Green Matbucha

August 23, 2017
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Photo by Julia Gartland
Author Notes

This take on North African matbucha swaps the traditional red bell peppers for green, and blends in plenty of fresh green herbs and za’atar, giving the dish a verdant hue. Serve it on top of roasted chicken, fish, meat, or veggies. Or add it to a mezze spread, served with crackers or grilled pita for dipping.

Reprinted with permission from Little Book of Jewish Appetizers, by Leah Koenig (Chronicle, August, 2017).

Leah Koenig

  • Serves 8
  • 1/4 cup plus 2 tbsp extra-virgin olive oil, divided
  • 1 medium onion, finely chopped
  • 2 cups peeled, 1/2-inch eggplant cubes
  • 1 medium green pepper, seeded and cut into 1/2-inch pieces
  • 1 jalapeño, seeded and finely chopped
  • 1 tablespoon granulated sugar
  • Kosher salt and freshly ground black pepper
  • 6 cloves garlic, finely chopped
  • 2 teaspoons dried za'atar, plus more for serving
  • 1/2 teaspoon onion powder
  • 1/2 teaspoon red pepper flakes, or more to taste
  • 1 15-oz. can diced tomatoes
  • 2 cups fresh basil leaves, packed
  • 1 cup fresh, mint leaves, packed
In This Recipe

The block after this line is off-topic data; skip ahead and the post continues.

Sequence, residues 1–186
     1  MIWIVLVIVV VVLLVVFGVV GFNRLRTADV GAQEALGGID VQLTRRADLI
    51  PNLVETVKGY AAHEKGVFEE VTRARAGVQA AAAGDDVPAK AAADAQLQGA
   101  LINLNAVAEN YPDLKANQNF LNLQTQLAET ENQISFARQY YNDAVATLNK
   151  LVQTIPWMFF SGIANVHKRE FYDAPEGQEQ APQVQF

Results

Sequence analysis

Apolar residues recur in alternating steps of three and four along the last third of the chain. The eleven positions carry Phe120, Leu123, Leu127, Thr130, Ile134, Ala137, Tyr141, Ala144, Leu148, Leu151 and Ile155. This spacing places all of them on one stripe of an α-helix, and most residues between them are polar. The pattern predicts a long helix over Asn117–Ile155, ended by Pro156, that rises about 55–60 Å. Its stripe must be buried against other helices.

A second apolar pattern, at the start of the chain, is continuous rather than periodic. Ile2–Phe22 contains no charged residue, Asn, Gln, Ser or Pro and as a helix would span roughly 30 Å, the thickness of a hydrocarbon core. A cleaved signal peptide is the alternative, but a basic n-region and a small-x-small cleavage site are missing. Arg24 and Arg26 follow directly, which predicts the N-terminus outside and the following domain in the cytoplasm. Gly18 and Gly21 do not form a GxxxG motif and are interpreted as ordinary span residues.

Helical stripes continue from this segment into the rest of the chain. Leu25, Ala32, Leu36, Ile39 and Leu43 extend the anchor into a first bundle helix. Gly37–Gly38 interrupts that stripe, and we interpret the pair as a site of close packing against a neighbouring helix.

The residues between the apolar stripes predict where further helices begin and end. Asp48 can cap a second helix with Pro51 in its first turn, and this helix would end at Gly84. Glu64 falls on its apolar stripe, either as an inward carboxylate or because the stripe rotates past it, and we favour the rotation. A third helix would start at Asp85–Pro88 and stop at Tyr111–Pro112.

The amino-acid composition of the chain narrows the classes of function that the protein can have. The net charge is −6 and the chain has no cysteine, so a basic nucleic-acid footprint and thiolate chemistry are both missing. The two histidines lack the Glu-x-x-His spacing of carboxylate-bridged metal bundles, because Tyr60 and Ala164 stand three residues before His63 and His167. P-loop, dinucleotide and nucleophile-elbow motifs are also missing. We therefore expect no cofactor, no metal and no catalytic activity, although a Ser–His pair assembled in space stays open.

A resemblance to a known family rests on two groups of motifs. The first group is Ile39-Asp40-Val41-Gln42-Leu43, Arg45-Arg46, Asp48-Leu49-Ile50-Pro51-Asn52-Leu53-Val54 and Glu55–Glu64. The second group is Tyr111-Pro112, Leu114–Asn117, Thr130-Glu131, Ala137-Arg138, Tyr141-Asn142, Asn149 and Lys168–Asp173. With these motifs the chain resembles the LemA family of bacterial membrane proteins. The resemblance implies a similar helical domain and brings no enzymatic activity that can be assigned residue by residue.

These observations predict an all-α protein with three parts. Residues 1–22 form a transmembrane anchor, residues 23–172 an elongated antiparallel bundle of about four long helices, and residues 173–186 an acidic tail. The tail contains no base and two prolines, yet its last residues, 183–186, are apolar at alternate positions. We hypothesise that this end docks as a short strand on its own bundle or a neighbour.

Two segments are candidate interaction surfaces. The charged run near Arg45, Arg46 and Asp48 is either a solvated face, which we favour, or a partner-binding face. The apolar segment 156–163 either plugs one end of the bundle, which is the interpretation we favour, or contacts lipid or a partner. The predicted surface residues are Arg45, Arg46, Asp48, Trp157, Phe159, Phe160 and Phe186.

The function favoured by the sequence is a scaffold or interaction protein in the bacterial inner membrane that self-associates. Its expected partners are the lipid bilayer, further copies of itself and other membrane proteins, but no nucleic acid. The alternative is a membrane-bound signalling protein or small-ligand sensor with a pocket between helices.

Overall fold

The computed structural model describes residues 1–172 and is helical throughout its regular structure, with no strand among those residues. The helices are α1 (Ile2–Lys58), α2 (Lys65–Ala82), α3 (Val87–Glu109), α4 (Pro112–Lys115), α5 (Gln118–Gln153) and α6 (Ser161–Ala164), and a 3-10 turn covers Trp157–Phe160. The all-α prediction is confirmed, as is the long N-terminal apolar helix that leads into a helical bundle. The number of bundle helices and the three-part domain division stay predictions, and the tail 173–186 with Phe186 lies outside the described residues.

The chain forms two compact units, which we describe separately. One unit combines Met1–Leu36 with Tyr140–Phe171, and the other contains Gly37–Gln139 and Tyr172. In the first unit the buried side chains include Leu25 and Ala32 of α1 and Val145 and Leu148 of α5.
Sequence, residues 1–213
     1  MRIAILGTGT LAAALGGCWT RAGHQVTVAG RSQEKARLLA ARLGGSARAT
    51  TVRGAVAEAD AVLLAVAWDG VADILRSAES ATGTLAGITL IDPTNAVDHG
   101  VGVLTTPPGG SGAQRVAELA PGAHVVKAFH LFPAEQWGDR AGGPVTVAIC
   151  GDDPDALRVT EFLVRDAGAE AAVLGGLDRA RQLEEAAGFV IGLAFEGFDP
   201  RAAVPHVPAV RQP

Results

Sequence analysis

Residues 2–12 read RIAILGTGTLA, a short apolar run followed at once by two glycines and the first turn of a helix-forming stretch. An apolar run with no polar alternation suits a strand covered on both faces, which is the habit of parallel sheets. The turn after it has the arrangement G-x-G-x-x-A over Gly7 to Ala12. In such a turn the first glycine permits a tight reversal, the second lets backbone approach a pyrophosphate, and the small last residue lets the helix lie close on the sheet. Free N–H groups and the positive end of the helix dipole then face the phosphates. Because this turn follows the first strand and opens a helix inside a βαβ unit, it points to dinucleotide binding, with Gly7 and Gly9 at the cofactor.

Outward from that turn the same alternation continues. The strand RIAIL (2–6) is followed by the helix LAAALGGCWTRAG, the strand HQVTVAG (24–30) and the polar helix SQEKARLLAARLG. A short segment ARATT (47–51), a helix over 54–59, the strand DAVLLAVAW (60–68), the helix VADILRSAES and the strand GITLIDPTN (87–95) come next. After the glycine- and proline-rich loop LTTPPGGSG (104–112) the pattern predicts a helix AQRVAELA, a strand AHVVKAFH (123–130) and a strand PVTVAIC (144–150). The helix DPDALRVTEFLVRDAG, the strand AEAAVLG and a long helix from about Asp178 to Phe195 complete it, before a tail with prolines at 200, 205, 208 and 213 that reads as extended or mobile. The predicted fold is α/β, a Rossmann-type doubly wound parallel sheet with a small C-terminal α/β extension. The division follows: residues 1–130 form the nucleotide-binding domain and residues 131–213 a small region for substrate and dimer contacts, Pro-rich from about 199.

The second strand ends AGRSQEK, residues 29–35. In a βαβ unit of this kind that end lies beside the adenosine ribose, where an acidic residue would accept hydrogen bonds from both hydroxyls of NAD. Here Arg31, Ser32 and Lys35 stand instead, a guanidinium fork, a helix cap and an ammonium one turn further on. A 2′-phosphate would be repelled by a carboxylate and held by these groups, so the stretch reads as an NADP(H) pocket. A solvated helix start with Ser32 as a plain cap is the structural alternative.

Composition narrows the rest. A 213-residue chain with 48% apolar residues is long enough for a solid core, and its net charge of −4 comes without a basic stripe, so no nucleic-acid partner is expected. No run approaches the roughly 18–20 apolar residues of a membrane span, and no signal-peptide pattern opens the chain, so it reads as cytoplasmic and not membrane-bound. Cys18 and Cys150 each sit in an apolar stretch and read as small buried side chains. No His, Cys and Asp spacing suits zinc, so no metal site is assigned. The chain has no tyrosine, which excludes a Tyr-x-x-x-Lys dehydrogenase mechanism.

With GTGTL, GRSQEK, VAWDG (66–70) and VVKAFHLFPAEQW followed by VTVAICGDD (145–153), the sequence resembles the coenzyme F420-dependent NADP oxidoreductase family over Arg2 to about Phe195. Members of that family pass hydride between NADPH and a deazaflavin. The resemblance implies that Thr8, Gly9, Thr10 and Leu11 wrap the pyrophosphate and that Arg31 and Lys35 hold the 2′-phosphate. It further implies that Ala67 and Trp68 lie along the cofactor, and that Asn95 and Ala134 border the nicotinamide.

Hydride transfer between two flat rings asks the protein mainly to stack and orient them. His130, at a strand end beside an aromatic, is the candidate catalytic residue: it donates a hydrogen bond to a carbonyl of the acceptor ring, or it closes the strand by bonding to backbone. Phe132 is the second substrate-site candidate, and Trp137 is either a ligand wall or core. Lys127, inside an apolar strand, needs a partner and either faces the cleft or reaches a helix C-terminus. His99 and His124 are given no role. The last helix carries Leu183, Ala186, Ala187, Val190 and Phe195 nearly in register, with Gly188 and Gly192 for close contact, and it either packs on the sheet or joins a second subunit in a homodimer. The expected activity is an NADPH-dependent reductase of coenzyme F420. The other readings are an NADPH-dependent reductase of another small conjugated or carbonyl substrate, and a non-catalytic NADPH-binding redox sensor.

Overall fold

1. Heat 1/4 cup olive oil in a large saucepan set over medium heat. Add the onion, eggplant, green peppers, jalapeño, sugar, and a generous pinch of salt and cook, stirring occasionally, until vegetables soften, about 15 minutes. Add the garlic, za'atar, onion powder, and red pepper flakes and cook, stirring, until fragrant, 1-2 minutes.
  2. Stir in the tomatoes with their juice, and bring mixture to a simmer; reduce heat to low and cook, partially covered and stirring often, until mixture thickens and the vegetables grow very tender, about 10 minutes. Partway through cooking, mash the vegetables a bit with a potato masher or the back of a spoon.
  3. Meanwhile, place the basil, mint, another generous pinch of salt, and 2 tablespoons olive oil in a food processor and pulse, scraping down the sides of the bowl as necessary, until a pesto-like paste forms. Stir green mixture into eggplant mixture and let cook until the mixture thickens slightly, about 5 minutes. Remove from heat and season with additional salt and black pepper to taste. Let cool to room temperature, then transfer to a serving bowl and sprinkle with more za'atar.

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Leah is the author of Modern Jewish Cooking: Recipes & Customs for Today's Kitchen (Chronicle, 2015)

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